I’ve been interested in how levels and ‘space’ work in various types of games. Rather than concentrating on the rendered images of video games and the aesthetics of games, I am interested in imagining the ‘black box’ space that the games operate within, and how the players are able to access each space, and how the unlocking of levels changes the imaginary black box.
I have drawn up my thoughts on 4 different types of games, 2 video games, a sport, and an unlimited game.
The unlimited game, Lego or Minecraft, works as an inverted pyramid, with no external space boundaries, unlimited expansion possibilities. At the base of the inverted pyramid is the simplest of all connections, 2 pieces or 2 pixels, as the connections and play become more advanced, the ‘levels’ increase in size and difficulty. The pyramid is incomplete, illustrating the infinite possibilities available to continue to create new levels of complexity.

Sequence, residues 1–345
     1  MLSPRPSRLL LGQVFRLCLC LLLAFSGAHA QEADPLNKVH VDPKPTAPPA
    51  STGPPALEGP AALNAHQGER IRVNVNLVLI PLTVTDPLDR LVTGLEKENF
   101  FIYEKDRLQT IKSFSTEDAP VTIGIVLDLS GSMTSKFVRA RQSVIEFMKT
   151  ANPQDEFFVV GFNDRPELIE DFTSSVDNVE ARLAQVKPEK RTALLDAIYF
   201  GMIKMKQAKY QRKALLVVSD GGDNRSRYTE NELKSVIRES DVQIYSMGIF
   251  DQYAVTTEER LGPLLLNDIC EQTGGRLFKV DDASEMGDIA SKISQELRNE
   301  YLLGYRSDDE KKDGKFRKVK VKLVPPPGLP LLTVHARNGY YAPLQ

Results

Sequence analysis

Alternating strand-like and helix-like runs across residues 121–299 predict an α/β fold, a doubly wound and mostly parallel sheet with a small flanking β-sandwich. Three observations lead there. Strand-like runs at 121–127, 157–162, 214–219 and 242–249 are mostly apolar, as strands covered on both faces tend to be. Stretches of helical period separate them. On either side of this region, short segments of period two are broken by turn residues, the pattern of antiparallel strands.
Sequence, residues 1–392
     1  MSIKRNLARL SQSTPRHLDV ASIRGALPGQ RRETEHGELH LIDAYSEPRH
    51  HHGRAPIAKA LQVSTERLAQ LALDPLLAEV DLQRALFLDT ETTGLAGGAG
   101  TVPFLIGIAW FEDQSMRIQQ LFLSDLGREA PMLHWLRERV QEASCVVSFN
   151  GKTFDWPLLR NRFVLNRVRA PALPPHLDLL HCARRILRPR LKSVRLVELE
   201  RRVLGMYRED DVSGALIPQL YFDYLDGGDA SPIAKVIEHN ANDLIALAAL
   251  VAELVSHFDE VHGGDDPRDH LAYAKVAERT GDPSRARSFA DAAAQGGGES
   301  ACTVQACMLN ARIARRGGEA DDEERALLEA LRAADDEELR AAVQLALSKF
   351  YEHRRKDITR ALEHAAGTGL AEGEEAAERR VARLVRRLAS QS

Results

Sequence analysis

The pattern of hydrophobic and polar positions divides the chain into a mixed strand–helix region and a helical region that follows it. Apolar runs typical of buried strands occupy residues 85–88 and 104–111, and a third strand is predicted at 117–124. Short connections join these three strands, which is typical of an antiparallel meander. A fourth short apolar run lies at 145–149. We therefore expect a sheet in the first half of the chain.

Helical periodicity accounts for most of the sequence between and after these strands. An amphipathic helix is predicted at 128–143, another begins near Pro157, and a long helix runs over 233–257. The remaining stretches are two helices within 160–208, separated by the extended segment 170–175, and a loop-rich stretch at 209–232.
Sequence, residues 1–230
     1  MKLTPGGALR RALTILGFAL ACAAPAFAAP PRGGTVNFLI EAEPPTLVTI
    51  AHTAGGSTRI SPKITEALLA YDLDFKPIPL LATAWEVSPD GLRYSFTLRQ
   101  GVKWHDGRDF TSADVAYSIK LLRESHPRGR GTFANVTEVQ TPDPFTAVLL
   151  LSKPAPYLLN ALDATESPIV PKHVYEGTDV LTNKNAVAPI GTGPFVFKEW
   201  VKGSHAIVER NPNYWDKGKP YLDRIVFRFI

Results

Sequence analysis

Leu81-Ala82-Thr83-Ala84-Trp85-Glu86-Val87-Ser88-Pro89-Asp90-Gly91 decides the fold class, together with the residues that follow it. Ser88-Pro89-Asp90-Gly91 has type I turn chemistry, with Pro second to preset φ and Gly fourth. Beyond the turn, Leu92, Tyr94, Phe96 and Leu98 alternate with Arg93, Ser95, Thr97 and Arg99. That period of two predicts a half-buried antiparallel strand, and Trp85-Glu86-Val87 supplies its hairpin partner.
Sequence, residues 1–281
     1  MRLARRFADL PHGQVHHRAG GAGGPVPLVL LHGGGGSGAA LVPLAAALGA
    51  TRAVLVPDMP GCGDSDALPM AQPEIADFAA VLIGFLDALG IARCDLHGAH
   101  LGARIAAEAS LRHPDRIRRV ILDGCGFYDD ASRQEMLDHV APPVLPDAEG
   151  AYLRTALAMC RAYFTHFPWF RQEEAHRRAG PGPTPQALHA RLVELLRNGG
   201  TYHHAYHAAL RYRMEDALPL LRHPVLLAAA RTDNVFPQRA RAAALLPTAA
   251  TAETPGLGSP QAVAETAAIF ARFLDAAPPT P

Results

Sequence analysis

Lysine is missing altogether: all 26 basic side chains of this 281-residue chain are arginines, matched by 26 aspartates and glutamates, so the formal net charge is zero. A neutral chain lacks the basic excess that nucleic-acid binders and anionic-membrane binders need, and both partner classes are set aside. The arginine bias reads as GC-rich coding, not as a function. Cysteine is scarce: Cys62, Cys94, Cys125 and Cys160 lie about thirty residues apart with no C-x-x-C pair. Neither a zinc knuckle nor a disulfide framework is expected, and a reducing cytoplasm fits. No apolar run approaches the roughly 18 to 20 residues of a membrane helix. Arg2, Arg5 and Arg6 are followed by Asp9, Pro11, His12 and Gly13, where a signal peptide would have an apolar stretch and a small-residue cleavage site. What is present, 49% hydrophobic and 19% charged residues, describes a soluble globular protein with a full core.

The sport, in this case hockey, but it applies to any opponent based sport. The game takes place repeatedly over the same bounded space, i.e. the pitch, with each team taking it in turns with possession to attempt to ‘complete’ a level, or in other words, score a goal. As soon as the possession switches to the opposing team a new ‘level’ is begun. The diagram shows the time of the game in the vertical axis.
An video game world like GTA V where the overall game space is large and fully explorable (for the most part) from the very start of the game. Levels are organised in a pyramidal style arrangement which are accessed through specific locations on the overall map. This is also applicable to online RPGs like World of Warcraft but on a much larger scale.
And finally a more standardised video game world, most commonly found in First Person Shooter games, where the world is linearly explored, and you can only access the amount of the world needed to unlock the next space. These linear levels vary in size, shape and difficulty but you cannot access 3 until 2 has been completed, although spaces may be reused again and again for different levels, there is still only 1 route through the game space, unlike the map based game shown above, where you can step out of a pyramid at any time, and move into another one.